By Charlie Bermant
Peninsula Daily News
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The plan submitted by City Manager David Timmons to the City Council on Monday aims to provide ongoing funding for recreational facilities.
Options for continued funding include the creation of a special purpose parks and facilities district, a 0.02 percent sales tax increase and a 10-cent special purpose levy, all of which would require voter approval.
The plan also asks Jefferson County to fund the $5 million repair of the Mountain View Campus through a bond, which the city cannot do because its bond capacity will not accommodate that amount.
“We’ve seen this coming for years,” Council member Michelle Sandoval said of the recreation funds shortfall.
“We’ve had packets of information about solutions but we can’t seem to get off the dime.
“We can not act, but no action is not leadership and we need to get this done.”
One of the components of Timmons’ plan is a “dashboard” offering a one-stop online location where recreation providers can list their services and what they cost, giving the public a single source for recreation options.
“The idea of the dashboard is fabulous,” said Shelley Randall, a parent who has helped to form Parents (and the Public) Loudly Advocating for Youth, or PLAY, that is also seeking funding solutions.
“Right now, parents need to go to five websites to see what is going on,” Randall said.
“We need to have a place where we can pull together, and a little bit of money can go a long way.”
Timmons proposes that the programs operate on a fee basis, with funding to provide equal access would come from a county-wide special purpose levy of 10 cents.
That would generate about $450,000 per year so that children who can’t afford the services can get them.
The plan aims to both repair Mountain View Commons and fulfill “the long-term commitment to offering a long-term solution for the funding of Parks and Recreation that was made to Jefferson County taxpayers when they passed the Proposition 1 sales tax increase in 2010,” according to Timmons’ memo in the City Council packet.
The continued funding of parks and recreation has been an issue since the late 1990s.
In 2010, voters approved a sales tax increase of 0.03 percent to support Memorial Field and the Port Townsend Recreation Center — county-owned properties within the city limit.
Port Townsend has a commitment to provide money to those properties, an estimated $240,000 a year. That commitment expires May 2015.
An agreement in February expanded the revenue use of the sales tax hike to include developing a joint city-county metropolitan park district, an idea now not being pursued, and emergency repair of the municipal pool if needed.
The city since has examined now much it will cost to repair the Mountain View Commons, which houses the pool as well as several city services including a police substation and the Jefferson YMCA and Port Townsend Food Bank.
Repairs to the Mountain View Commons will cost an estimated $5 million.
City officials will not enter into a long-term lease with the Port Townsend School District, which owns Mountain View, until the funds for the repairs have been secured.
“We need to fix Mountain View but all these properties are connected,” Timmons said.
“We should find a way to deal with all of them together.”
If a plan to coordinate funding between the three properties is not developed, city officials would concentrate on Mountain View while the county would be responsible for Memorial Field and the recreation center without city support, Timmons said.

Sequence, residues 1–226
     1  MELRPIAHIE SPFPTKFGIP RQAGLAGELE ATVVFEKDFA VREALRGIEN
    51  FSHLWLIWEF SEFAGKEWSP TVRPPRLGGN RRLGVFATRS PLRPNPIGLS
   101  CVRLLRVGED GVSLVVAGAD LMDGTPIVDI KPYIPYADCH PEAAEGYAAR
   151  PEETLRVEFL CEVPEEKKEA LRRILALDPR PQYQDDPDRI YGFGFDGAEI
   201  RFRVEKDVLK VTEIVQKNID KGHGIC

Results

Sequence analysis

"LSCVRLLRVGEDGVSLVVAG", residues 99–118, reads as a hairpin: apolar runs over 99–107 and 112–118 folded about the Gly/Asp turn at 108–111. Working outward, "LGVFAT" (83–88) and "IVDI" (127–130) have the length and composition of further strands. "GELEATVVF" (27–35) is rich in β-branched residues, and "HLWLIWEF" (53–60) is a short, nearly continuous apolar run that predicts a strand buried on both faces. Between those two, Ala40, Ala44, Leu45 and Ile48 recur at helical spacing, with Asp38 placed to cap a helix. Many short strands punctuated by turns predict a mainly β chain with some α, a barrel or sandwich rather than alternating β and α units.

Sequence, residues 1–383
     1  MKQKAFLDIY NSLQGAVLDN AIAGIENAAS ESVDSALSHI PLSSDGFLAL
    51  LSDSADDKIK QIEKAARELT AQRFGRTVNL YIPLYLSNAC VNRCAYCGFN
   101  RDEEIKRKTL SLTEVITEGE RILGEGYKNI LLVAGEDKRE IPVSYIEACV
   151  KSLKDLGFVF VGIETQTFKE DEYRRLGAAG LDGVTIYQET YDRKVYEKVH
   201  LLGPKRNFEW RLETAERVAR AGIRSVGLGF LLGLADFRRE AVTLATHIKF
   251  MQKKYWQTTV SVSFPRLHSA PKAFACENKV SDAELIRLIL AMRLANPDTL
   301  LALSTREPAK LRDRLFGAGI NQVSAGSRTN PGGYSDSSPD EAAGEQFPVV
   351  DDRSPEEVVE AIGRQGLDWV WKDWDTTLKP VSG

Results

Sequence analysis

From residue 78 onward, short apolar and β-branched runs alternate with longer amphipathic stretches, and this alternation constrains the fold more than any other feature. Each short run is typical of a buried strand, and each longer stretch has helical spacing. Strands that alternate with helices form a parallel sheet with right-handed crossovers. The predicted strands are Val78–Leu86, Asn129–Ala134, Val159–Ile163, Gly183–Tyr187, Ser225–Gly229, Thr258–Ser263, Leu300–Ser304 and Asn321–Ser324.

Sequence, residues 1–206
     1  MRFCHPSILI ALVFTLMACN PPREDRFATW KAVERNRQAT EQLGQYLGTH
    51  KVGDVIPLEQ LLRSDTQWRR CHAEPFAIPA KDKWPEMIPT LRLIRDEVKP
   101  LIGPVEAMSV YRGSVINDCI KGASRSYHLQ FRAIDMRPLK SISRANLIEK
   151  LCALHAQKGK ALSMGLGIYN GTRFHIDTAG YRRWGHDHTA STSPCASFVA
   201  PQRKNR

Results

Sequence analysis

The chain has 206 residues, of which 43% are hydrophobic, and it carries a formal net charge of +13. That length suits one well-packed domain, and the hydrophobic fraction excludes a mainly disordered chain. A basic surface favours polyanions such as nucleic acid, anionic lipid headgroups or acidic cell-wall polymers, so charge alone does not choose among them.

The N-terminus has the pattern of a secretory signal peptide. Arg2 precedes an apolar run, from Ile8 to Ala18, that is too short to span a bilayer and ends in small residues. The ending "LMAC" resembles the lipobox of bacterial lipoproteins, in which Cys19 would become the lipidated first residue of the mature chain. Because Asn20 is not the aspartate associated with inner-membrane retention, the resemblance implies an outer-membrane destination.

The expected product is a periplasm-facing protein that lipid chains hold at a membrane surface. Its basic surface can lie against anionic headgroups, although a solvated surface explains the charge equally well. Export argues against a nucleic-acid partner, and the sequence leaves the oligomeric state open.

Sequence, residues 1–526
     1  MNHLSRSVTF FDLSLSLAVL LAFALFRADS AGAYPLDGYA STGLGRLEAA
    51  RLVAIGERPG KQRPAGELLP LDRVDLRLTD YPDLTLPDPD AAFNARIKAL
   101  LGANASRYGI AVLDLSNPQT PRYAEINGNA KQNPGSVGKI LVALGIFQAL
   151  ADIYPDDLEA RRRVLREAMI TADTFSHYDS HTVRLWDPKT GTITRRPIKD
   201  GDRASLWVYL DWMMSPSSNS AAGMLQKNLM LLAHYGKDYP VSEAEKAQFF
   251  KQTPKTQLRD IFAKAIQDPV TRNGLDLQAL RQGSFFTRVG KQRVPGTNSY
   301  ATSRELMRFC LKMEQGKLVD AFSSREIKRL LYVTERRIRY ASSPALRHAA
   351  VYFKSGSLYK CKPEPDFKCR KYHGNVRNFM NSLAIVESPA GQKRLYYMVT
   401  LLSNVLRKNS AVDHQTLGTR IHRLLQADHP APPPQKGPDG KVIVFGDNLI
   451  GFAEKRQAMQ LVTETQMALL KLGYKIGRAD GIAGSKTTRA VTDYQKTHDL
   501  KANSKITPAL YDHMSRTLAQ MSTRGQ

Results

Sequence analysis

Prior to the passage of Proposition 1, county representatives said the county lacked the money to support the facilities and they would have to close.
Timmons plan requires the county’s help in raising the money to repair Mountain View through its bonding availability, resulting in a 20-year commitment of about $370,000.
The city has committed its Proposition 1 funding through 2017 for fire equipment, after that time it would take over responsibility for the debt service for the remainder of the bond period.
Timmons said he is confident that the city can make up the difference between $240,000 and $370,000, but Jefferson County Adminstrator Philip Morley is skeptical that can be achieved.
“We need more information about what funding sources will be used to satisfy the debt service,” Morley said.
“If they cannot serve the debt, then it becomes the county’s responsibility and we don’t have the revenue to support that.”
Timmons’ plan is to eventually transfer ownership of Memorial Field and the Rec Center to the city, something Morley said the county has proposed several times.
“A lot of these repairs don’t need to be done right now,” Morley said.
“If the roof comes down at Memorial Field, it will still continue to be used in some fashion,” he said.
“If the gymnasium at the Rec center becomes further structurally compromised between now and when we are able to fund repairs, we can simply close the gymnasium,” Morley continued.
“These are things that we have some time to solve. It would be lovely to solve them now but we don’t have the dollars in hand today to do that.”
The matter will be discussed at a meeting today between Morley, Timmons and their respective staffs.
“Since the memo came out, we haven’t had any discussions so it’s not clear what happens,” Morley said.
“We are looking forward to meeting with the city to help them solve the issue, to keep Mountain View going and plan how to find long-term solutions that are practical and responsible for both jurisdictions.”
Jefferson County Editors Charlie Bermant can be reached at 360-385-2335 or email@example.com.